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    From a generic point of view, without seeing any photos. You have to assume the addition hasn’t fallen down yet and most of that structure isn’t holding much of the roof at this point. I would remove the siding and insulation and drywall first. This should give you a better picture of the damage. Have a tarp ready to cover it up with until you get it fixed. When you see how far the damage is you can make a plan for jacking and bracing. You will have to decide if it’s best to replace the whole members that have rot or sister to them. Once you get it opened up and post a few photos I think you will get lots of advice.
     
  6. Jun 6, 2013 #6

    nealtw

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    If I understand it right , you are "not" concerned about the rest of the joists. Just the one on top the foundation running in the same direction as the rest and the corner?

    Type, size and condition of foundation?
    One story addition?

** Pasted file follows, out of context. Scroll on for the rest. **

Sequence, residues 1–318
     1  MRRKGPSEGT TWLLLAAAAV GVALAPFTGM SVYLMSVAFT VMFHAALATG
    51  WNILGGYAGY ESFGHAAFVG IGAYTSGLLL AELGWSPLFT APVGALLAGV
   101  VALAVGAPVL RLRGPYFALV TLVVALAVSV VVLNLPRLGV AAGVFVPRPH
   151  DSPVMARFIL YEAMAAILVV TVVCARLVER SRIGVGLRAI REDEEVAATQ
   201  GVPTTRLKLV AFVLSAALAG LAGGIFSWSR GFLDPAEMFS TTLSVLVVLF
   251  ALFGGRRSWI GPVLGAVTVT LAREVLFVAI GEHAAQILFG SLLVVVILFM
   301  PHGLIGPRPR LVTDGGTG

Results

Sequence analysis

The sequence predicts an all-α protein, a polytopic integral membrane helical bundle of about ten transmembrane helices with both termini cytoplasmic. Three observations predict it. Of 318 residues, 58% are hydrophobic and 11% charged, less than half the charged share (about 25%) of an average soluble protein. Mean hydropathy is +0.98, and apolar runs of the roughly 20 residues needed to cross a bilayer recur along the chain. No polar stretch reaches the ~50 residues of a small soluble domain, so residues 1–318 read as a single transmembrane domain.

Roof gable above this wall? Ceiling joist ends, siting on this wall above?
    Welcome to the site!
     
  7. Jun 6, 2013 #7

    nealtw

    nealtw

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    Bud: Carefull some additions can be sad at best and sometimes the siding is the sheeting, we don't want to rip and tear before we know the building won't fall down when we do it.
     
  8. Jun 6, 2013 #8

    bud16415

    bud16415

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    I agree. If it looks like the siding is structural at this point I wouldn’t remove it. That’s why I prefaced my comment in terms of a generic assessment. If it’s vinyl siding or something that couldn’t be bearing you should get it off to see what condition the sheeting is in. Likewise the drywall inside should go along with the insulation to allow you to see the problem. Both of those are not likely to be carrying any of the load. If it is a two story addition everything above should be moved to get as much weight off the corner as you can. When you get to see the sheeting you can get a feel if what’s there would benefit from a few more screws as a stop gap. If there is a basement below with a ceiling that should come off to get a view from below also.